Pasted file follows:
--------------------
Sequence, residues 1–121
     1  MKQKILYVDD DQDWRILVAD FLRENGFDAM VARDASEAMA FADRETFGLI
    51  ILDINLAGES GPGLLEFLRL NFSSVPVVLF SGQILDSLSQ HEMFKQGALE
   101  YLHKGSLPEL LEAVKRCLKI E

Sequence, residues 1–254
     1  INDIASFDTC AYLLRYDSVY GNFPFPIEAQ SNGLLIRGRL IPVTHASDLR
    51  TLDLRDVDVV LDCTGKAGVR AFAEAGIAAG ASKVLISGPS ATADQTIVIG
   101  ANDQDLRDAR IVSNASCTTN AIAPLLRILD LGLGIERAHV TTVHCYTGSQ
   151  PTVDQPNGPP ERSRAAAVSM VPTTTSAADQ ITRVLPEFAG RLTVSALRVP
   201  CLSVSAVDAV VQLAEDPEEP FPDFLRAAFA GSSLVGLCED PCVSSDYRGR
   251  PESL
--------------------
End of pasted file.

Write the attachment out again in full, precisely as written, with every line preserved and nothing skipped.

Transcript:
Sequence, residues 1–121
     1  MKQKILYVDD DQDWRILVAD FLRENGFDAM VARDASEAMA FADRETFGLI
    51  ILDINLAGES GPGLLEFLRL NFSSVPVVLF SGQILDSLSQ HEMFKQGALE
   101  YLHKGSLPEL LEAVKRCLKI E

Sequence, residues 1–254
     1  INDIASFDTC AYLLRYDSVY GNFPFPIEAQ SNGLLIRGRL IPVTHASDLR
    51  TLDLRDVDVV LDCTGKAGVR AFAEAGIAAG ASKVLISGPS ATADQTIVIG
   101  ANDQDLRDAR IVSNASCTTN AIAPLLRILD LGLGIERAHV TTVHCYTGSQ
   151  PTVDQPNGPP ERSRAAAVSM VPTTTSAADQ ITRVLPEFAG RLTVSALRVP
   201  CLSVSAVDAV VQLAEDPEEP FPDFLRAAFA GSSLVGLCED PCVSSDYRGR
   251  PESL